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Midtown Cleveland partners with Asian artists to hide utility boxes with cultural art

Posted at 8:01 AM, Nov 06, 2019

CLEVELAND — Right before the temperatures dropped too low, Midtown Cleveland installed four pieces of artwork covering up otherwise blank utility boxes at the corners of Payne Avenue and East 30th, 33rd, 36th, and 40th Streets.

When Jordan Wong was growing up, he looked hard for art that could tie him back to his Asian culture.

Even when he found some, it was on TV or in comic books.

"It was very much removed," said Wong. "It wasn't necessarily where I was at locally."

That's why he's hoping one of his latest projects, designing art that will cover a utility box at the corner of Payne Avenue and East 30th Street, will be an inspiration for the next generation of Asian artists in Cleveland.

"It's and honor," said Wong, who has also designed artwork displayed in Public Square, facing Tower City, on the back of the building that houses REBol. "Imagery and ideas found within Asian culture, I think people are going to be able to connect to more immediately than art that's created outside of that context."

"Using artwork to boost up the town is a really exciting thing for me," said artist Mitzie Lai.

Lai's fish design is a cultural sign of prosperity for anyone who walks by the corner of Payne Avenue and 33rd Street.

"I think public art always makes a place better," said artist Julia Kuo, who designed the art that will cover a utility box on at the corner of Payne Avenue and East 40th Street.

Kuo's piece will turn the utility box at the corner of Payne Avenue and East 40th Street into a memory from her own experiences where a woman swims and kayaks while bio-luminescent organisms light up the water around her.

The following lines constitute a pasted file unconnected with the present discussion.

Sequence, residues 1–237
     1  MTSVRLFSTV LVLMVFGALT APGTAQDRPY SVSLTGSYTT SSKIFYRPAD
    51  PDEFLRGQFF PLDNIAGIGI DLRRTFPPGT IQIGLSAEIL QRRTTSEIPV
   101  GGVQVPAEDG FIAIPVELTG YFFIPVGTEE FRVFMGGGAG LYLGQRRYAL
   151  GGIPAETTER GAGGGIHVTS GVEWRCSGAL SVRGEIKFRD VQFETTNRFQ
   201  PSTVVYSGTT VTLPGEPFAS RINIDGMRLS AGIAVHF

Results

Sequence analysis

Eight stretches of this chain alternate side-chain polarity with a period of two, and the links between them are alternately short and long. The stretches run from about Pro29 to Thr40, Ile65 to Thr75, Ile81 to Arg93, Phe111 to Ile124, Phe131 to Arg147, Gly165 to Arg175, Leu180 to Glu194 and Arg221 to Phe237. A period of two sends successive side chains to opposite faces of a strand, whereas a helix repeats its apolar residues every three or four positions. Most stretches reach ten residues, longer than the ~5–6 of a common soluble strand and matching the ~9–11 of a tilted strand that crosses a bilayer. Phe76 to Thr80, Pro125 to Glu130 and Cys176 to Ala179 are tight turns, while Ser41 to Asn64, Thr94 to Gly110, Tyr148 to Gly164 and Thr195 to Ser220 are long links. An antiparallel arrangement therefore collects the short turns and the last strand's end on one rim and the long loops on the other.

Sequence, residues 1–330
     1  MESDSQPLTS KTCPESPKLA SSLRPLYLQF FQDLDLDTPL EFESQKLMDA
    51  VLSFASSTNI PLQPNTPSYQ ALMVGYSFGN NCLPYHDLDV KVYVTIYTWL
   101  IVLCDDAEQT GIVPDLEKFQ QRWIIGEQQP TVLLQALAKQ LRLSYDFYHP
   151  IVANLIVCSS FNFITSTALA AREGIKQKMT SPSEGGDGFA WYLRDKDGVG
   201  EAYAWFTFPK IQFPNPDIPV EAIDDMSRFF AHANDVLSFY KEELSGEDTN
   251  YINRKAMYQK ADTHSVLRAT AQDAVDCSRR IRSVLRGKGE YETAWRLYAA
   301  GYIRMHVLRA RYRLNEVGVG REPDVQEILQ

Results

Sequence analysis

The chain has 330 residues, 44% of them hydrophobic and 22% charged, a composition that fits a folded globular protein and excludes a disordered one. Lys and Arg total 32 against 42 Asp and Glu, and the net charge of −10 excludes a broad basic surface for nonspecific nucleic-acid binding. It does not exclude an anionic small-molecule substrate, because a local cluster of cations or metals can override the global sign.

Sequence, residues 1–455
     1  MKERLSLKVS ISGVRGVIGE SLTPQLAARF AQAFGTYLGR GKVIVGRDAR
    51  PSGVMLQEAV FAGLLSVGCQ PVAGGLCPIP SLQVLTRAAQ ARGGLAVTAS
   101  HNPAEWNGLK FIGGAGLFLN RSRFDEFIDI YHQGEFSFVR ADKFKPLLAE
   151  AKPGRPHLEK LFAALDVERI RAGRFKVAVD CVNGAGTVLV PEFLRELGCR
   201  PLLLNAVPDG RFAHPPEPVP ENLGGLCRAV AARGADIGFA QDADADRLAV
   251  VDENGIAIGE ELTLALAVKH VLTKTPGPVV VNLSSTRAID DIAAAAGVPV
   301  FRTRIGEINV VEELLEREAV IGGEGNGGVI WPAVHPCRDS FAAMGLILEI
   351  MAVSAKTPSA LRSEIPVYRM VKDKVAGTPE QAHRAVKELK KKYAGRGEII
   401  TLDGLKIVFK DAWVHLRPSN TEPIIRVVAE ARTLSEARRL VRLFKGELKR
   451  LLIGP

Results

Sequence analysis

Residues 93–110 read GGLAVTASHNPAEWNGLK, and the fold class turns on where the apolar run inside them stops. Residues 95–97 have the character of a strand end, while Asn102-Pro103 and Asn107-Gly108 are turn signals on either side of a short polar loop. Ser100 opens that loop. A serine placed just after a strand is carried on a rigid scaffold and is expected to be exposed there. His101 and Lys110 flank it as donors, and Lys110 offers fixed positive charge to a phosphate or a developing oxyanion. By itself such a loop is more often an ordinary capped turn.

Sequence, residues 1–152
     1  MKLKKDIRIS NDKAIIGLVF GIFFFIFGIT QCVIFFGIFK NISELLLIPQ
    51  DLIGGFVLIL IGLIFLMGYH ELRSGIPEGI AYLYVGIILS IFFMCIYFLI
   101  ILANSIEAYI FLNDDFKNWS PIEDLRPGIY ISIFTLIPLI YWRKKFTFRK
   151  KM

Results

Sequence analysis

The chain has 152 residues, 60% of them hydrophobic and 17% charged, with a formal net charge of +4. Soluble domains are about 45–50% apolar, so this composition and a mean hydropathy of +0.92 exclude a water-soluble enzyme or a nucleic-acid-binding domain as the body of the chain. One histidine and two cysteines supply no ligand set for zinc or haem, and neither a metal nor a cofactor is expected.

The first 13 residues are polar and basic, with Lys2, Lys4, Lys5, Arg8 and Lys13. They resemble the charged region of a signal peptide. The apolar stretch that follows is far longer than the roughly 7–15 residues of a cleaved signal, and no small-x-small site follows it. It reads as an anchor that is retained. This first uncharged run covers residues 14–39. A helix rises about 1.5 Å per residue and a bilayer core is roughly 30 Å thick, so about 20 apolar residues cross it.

"It's one thing for Asian people to see themselves represented here, but it's another thing for them to see themselves doing something that's adventurous, that's exciting or even magical," said Kuo.

"We really saw these utility boxes as just a simple way to brighten up the corridor," said MidTown Cleveland Director of Planning and Placemaking Joyce Huang.

The designs make sure the artists working on these designs reflected the neighborhood where they'd be installed, creating a genuine connection for the people who live nearby and the people who visit.

"Doing these art boxes really creates more of a sense of place and belonging so people feel like, 'Oh, there's an identity to this place," said Huang.

The fourth piece along Payne was created by Kathleen Marcotte, depicting a mythological goddess of Mt. Fuji, believed to keep the volcano from erupting.

You can see Jordan Wong's work here.

You can see Mitzie Lai's work here.

You can see Julia Kuo's work here.

You can see Kathleen Marcotte's work here.

This story is part of A Better Land, an ongoing series that investigates Northeast Ohio's deep-seated systemic problems. Additionally, it puts a spotlight on the community heroes fighting for positive change in Cleveland and throughout the region. If you have an idea for A Better Land story, tell us here.